Gene Smith said it's not a youth movement. "That's not the sole motivation," he added.
A dramatically younger roster, however, is the result of whatever movement Smith would prefer to call his re-shaping of the team's roster. He continued his reconstruction efforts with a cut to 53 this weekend that will likely result in the first four picks of this year's draft class becoming starters, and a trade for Luke McCown that's the first move toward making the critical quarterback position more youthful.
The most prominent cuts are tackle Tony Pashos and cornerback Brian Williams, both of whom were high-priced free-agent signings by the "Shack" Harris regime. Pashos and Williams have effectively been replaced by rookies Eben Britton and Derek Cox, second and third-round draft picks who are likely to become long-term fixtures at their positions.
"There's a chance of that. I'll leave it up to the coaching staff," Smith said when asked if the team's first four draft picks – Eugene Monroe, Britton, Terrance Knighton and Cox – could be in the starting lineup in Indianapolis on Sunday. "I feel the arrow is up on their progress. They're only going to get better."
Consider this: Since becoming the Jaguars' ultimate authority in personnel decisions, Smith has cut Jerry Porter, Drayton Florence, Cleo Lemon, Pashos and Williams, all of whom were pricey free-agent acquisitions. Reggie Hayward is the only remaining vestige of the Harris regime's unrestricted free-agent signings.
Now consider this: Since taking the conn, as coach Jack Del Rio described it, Smith has ushered out former first-round picks Reggie Williams and Matt Jones, and the release of running back Alvin Pearman leaves only one player remaining from the team's 2005 draft class and only seven players remaining from the Harris regime's first three draft crops.
It's certainly too early to know whether or not Smith's efforts at rebuilding the Jaguars will be successful, but we can say with all certainty that he's not afraid to do it his way. Smith's eight-plus months as personnel boss are punctuated by boldness.
Eight of his nine draft picks this year have made the final roster. The lone cut, seventh-round wide receiver Tiquan Underwood, is expected to be signed to the team's practice squad, which Smith predicted will be one of the strongest in team history.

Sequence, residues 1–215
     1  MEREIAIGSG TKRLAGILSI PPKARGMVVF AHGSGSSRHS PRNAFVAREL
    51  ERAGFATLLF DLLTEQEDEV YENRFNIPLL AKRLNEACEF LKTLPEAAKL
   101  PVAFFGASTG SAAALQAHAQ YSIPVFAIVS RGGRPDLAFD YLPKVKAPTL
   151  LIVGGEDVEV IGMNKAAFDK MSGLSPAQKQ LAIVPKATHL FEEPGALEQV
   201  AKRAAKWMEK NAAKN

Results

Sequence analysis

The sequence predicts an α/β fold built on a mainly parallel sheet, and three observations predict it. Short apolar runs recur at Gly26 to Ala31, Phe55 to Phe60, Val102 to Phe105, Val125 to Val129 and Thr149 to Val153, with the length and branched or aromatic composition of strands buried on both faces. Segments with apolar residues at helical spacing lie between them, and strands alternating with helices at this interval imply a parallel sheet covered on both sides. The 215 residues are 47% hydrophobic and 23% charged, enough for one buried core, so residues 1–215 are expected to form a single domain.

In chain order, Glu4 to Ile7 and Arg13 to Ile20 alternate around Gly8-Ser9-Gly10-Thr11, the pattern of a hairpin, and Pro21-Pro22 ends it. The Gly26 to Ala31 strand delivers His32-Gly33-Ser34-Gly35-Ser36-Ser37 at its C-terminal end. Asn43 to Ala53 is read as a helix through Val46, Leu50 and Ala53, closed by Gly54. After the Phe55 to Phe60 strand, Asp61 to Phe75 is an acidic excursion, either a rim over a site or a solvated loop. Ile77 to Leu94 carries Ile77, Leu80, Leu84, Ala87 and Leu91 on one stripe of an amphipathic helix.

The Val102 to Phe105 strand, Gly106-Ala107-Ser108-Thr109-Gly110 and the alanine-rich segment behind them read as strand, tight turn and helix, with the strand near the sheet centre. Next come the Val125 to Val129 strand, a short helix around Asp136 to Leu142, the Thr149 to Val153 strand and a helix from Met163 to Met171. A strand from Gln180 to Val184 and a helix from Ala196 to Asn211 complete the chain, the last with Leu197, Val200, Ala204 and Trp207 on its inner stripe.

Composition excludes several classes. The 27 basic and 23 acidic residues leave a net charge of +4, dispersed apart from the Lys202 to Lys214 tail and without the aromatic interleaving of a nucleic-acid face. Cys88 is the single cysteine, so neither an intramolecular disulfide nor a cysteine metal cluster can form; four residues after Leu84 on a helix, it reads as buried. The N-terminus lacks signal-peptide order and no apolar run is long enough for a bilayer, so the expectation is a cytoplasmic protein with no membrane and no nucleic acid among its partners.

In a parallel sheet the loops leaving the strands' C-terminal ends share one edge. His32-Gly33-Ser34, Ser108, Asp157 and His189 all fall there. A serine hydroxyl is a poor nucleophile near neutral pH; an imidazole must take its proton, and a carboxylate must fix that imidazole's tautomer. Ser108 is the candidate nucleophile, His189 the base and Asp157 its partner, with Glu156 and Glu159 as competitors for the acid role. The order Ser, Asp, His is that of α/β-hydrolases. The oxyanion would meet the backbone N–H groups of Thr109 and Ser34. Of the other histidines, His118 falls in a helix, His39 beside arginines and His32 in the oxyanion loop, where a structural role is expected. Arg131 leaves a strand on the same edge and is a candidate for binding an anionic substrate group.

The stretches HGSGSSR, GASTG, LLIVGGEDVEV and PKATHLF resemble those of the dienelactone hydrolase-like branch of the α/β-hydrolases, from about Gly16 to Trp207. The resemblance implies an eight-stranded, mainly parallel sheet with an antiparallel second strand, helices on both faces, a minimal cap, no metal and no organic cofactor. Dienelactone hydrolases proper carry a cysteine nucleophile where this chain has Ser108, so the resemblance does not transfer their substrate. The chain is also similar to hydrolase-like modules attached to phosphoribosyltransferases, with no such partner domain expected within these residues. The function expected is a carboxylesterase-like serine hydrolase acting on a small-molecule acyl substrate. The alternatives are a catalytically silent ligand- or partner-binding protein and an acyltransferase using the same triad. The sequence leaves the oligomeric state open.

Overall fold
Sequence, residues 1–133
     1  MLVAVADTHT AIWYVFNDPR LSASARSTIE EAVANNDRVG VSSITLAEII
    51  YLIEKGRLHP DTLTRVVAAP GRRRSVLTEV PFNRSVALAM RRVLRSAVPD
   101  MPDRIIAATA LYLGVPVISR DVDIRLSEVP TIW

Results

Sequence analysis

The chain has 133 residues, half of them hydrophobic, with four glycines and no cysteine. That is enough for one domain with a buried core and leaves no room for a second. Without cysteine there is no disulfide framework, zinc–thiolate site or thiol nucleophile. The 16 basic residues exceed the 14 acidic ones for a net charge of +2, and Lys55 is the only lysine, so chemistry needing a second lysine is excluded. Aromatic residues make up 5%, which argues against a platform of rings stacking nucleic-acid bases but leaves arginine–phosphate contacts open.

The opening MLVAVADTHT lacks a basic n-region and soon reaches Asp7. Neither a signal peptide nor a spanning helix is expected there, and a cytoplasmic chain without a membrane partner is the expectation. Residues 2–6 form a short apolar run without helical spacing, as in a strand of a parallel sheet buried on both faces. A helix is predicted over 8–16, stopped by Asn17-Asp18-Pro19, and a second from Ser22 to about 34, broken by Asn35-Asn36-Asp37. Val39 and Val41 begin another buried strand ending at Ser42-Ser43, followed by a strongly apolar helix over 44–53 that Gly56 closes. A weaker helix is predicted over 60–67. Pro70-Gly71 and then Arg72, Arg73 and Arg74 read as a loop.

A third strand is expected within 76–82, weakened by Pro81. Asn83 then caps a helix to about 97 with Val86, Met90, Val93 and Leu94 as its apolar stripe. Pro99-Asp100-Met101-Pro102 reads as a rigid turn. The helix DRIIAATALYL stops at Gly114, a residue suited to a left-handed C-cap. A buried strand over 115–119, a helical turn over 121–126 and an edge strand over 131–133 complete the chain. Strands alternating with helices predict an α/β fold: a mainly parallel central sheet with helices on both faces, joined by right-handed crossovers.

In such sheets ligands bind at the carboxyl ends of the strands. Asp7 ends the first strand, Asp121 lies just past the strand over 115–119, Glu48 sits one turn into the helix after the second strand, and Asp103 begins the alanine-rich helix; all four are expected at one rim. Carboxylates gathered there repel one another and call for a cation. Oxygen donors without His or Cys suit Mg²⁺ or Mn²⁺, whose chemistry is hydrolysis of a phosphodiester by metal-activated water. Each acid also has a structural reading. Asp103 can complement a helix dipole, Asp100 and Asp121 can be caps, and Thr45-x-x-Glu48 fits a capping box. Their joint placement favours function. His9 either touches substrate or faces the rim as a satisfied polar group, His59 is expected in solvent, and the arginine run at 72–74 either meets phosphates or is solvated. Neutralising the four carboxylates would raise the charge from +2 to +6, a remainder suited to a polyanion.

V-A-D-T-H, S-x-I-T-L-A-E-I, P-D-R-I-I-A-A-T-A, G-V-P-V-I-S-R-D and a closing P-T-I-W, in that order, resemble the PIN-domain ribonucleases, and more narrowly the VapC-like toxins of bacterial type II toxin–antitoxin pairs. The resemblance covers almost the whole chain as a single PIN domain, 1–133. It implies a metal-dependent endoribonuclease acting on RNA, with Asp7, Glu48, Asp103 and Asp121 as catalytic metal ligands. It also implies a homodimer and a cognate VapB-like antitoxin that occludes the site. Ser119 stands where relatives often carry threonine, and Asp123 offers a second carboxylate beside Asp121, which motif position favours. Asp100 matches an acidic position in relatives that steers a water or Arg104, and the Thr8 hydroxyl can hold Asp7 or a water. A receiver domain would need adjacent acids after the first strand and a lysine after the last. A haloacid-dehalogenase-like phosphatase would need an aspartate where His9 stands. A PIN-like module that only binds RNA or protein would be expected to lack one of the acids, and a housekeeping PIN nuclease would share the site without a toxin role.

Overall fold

The most stunning fact of this weekend's cut is that the release of linebacker Thomas Williams and running back Chauncey Washington leave the Jaguars with only two picks, defensive ends Derrick Harvey and Quentin Groves, remaining from the team's 2008 draft class. Needless to say, that is a devastating failure.
Trading a draft pick for McCown is something Smith would only do if he believes McCown can be a long-term fixture on the team's roster, which Smith does, in fact, believe. The position has been ignored in the draft, with Byron Leftwich in 2003 being the last quarterback the Jaguars have drafted. Smith believes McCown, 28, can become a quality backup quarterback who's young enough and talented enough to create competition at the position.
Twenty-one players in all are new to the Jaguars roster this year. That's Smith's direct impact on the roster's reconstruction. It is, by all NFL standards, a dramatic turnover.
"We feel that with the blend we have with this team, it gives us the best chance to win this year," Smith said, referring to the blend of youth and experience.
So what does it all mean? As it pertains to this season, the impact is likely to be negligible. With or without the changes, the expectations for the Jaguars this season were not high. Age had eroded the team's roster to the point that it became clear the team's success in 2007 was the end of a brief run of winning.
It is the impact on the future that will be greatest. This year's draft class is the foundation on which future success will be built. If all goes as expected, Smith may only need one more year's worth of reconstruction to return the Jaguars to the rank of playoff contenders.
"I do think we've laid a good foundation for the future and I do believe you have to do it through the draft," Smith said.